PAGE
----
COVID-19 vaccines are becoming more widely available, but accurate and rapid testing remains a crucial tool for slowing the spread of the severe acute respiratory syndrome coronavirus-2 (SARS-CoV-2) virus. Although the quantitative reverse transcription-polymerase chain reaction (qRT-PCR) remains the most prevalent testing methodology, numerous tests have been developed that are predicated on detection of the SARS-CoV-2 nucleocapsid protein, including liquid chromatography-tandem mass spectrometry (LC-MS/MS) and immunoassay-based approaches. The continuing emergence of SARS-CoV-2 variants has complicated these approaches, as both qRT-PCR and antigen detection methods can be prone to missing viral variants. In this study, we describe several COVID-19 cases where we were unable to detect the expected peptide targets from clinical nasopharyngeal swabs. Whole genome sequencing revealed that single nucleotide polymorphisms in the gene encoding the viral nucleocapsid protein led to sequence variants that were not monitored in the targeted assay. Minor modifications to the LC-MS/MS method ensured detection of the variants of the target peptide. Additional nucleocapsid variants could be detected by performing the bottom-up proteomic analysis of whole viral genome-sequenced samples. This study demonstrates the importance of considering variants of SARS-CoV-2 in the assay design and highlights the flexibility of mass spectrometry-based approaches to detect variants as they evolve.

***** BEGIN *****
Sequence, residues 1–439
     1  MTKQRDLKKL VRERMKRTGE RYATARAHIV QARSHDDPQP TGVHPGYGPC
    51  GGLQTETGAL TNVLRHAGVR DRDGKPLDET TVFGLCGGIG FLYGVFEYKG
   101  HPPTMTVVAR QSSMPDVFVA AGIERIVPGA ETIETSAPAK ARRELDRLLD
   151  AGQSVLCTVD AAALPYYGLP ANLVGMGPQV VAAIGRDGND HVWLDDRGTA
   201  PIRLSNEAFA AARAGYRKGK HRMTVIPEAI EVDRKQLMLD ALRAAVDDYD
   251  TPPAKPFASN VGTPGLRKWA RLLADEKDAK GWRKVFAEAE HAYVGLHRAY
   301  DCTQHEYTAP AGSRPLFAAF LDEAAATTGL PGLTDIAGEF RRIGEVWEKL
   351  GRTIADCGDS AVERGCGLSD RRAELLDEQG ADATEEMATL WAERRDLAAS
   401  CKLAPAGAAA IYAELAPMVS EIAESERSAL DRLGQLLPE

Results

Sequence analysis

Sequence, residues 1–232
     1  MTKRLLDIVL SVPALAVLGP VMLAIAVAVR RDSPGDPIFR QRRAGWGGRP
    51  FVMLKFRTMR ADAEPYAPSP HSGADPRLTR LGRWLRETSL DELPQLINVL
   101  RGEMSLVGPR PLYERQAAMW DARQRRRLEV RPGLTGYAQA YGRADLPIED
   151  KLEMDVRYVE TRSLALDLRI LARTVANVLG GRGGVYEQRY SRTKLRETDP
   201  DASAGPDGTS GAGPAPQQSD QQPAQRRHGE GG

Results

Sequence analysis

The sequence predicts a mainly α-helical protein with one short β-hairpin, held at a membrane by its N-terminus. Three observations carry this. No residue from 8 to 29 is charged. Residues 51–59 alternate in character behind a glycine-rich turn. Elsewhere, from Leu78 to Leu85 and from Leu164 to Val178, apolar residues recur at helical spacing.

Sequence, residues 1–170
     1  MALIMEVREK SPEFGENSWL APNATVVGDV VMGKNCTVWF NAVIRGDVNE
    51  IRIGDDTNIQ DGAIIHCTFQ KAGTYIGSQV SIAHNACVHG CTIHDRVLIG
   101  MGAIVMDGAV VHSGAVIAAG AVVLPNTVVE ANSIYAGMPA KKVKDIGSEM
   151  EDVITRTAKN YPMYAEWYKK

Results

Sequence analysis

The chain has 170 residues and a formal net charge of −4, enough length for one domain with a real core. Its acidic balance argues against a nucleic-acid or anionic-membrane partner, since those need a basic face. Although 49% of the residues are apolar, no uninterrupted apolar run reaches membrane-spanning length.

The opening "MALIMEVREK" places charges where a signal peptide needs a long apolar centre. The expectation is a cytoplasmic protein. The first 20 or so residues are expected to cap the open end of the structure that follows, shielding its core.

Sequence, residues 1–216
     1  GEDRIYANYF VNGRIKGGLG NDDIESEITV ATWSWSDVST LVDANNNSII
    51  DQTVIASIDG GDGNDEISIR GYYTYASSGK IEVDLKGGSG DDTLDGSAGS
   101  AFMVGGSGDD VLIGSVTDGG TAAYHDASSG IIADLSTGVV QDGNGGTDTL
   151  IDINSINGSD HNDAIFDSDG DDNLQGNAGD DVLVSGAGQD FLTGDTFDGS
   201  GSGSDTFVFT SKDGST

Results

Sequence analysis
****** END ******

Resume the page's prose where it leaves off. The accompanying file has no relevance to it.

- single amino acid protein variants
- tandem mass spectrometry
ASJC Scopus subject areas